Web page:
“Now, the thing about karma,” Blake continues, “is there’s really no such thing as karma. At least there’s no karma from ‘out there’ determining how to even up a scoreboard. There’s only what the human decides is his or her karma. Even Hitler has no karma—at least nothing from outside of him. He’s created his own hell for himself, of course.” He points to the angels with the laptops. “But every last bit of that is accounted for in their calculations so they can offer guidance.”
“That the humans won’t listen to.”
“They do. Except when they don’t. It’s all good.”
Blake lets Brooke ponder those words for several moments, and they disappear...
...and appear in a bathroom. A young man, the flesh of his bare chest and arms covered in tattoos, ears gauged, presses a razor blade to his wrist.
Brooke gasps. “I thought when you said ‘Let’s go somewhere else,’ that meant it’d be a little easier.”
“One place is always as good as another.”
“Right. I believe you.”
The young man’s angels cry out to him. “Jason, you’re needed here! This doesn’t take care of anything! You can’t skip steps. You want to make it here. You are so loved!”
At a knock on the door, Jason pushes the razor blade into his skin. His angels amplify their appeals to him. He stops. But with another knock, the razor goes slightly deeper. And, as his father kicks the door open, the cold metal pierces the vein and then—viciously, deeply—he slashes several other areas on the insides of both of his lower arms.
“Oh, Jason, no!” the man screams. “No, no, no, no!” He gathers his son into his arms. Jason’s mother appears in the doorway, but not for long.
“Call 911,” the father shrieks.
Brooke and Blake ride in the ambulance along with the young man, his parents, and an extremely active medical team who are applying bandages along with pressure to try to stem the bleeding.
“It’s not time yet,” Jason’s head angel says to him.
“There’s so much you came here to do,” says another.
But losing the significant amount of blood—second to his desire—brings Jason’s breathing and heart to a stop. This combination allows his light form to dislodge slightly from his physicality—hands and feet first, then his head, which is followed by the rest of his light body.
“He’s not breathing,” shouts one of the paramedics. Jason’s parents sob.
“I don’t want to stay,” his spirit self tells his angels. “I don’t. And I don’t have to.” He notices several light beings behind them. The light beings get brighter and brighter, especially one of them.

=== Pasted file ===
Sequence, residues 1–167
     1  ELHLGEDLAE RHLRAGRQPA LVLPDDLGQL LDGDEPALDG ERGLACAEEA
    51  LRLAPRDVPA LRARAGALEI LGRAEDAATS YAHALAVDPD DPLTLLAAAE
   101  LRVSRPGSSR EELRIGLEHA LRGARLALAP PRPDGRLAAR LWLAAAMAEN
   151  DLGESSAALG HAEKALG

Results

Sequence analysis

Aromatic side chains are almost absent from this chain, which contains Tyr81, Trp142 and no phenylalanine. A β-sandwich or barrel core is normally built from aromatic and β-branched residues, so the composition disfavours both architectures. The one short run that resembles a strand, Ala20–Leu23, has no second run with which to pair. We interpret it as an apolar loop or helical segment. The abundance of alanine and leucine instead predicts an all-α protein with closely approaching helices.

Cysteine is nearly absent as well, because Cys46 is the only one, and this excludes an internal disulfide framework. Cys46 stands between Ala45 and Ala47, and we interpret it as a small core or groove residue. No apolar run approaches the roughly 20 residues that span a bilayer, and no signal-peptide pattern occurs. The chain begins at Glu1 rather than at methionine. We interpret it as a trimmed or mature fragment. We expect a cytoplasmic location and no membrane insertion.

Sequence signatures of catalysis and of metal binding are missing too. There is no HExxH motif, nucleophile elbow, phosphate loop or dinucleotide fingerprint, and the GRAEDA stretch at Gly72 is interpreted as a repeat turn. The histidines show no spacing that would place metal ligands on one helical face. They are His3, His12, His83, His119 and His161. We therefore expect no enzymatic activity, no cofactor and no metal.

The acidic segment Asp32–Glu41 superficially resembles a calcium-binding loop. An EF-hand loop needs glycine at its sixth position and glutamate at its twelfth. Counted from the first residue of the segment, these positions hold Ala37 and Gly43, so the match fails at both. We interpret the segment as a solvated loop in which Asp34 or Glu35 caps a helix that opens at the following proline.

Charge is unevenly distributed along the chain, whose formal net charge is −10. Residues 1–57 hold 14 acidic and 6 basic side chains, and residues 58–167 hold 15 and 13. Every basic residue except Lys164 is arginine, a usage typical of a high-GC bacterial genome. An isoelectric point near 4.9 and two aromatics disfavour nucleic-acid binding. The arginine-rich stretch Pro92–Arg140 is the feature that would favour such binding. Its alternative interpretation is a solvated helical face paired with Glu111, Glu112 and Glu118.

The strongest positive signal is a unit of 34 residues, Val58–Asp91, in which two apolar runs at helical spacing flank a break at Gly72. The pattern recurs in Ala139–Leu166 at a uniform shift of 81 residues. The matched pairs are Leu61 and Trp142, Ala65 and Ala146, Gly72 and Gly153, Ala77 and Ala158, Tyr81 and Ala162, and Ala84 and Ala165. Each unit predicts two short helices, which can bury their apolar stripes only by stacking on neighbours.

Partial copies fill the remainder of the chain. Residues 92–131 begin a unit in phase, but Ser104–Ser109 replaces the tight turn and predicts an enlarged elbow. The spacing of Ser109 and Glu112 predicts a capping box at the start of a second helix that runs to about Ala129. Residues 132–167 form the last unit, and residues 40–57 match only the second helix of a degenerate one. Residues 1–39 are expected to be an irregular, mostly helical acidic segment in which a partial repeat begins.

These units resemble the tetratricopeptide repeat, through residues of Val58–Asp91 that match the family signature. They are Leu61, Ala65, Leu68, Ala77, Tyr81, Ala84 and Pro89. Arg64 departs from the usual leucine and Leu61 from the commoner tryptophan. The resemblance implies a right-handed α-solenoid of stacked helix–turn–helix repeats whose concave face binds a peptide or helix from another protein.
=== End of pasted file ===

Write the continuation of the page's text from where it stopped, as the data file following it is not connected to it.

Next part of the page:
“Grandpa!” Jason’s light self shouts.
“Everyone is welcomed home,” Blake tells Brooke. “There are really no mistakes. They really can’t get it wrong. And perhaps his leaving would be a necessary part of the paths of those around him. But....”
Jason’s grandfather grabs him and holds him in a long, long embrace. Then he abruptly pushes him away.
His eyes shine and love streams from every inch of his entire being, but the grandfather shakes his head.
“I want to be with you,” Jason beseeches. “I want to come home.”
“Home is wherever you are,” his grandfather says. “And however you are. Nothing of your soul’s journey will change if you do this.”
“Not one thing would change. Yes, you can leave; you can do whatever you want. You can’t get it wrong. But here, there, anywhere—your work has to be done. So you might as well stay and work it out. Make your home here on Earth and,” he touches Jason’s heart, “here.”
Jason’s hands and feet of light seem to dock, even click, back into his physical hands and feet. Then his head of light clicks into his physical head, followed by the rest of his light body clicking into his physical form.
The paramedic puts an ear to his mouth. “Wait, wait. He’s still here. He’s breathing,” he smiles to the parents.
Jason’s mother lets out a wail. “Thank you, thank you,” she gushes between sobs. A defensive lineman might’ve had a hard time keeping her from pulling the medical team away. She drops to her knees beside the stretcher and wraps her arms around her son. Jason’s father also kneels and wraps his arms around both of them.
Blake turns to Brooke. “So you see, there’s really no way to get it wrong here,” he says. “But some places may be better for them to be than others at any given point in time.”
Brooke watches as the young man’s parents continue to hold him and each other. Blake taps Brooke on her arm. “Alright, my lovely. It’s time for some more field trips.” He takes her hand in his and...
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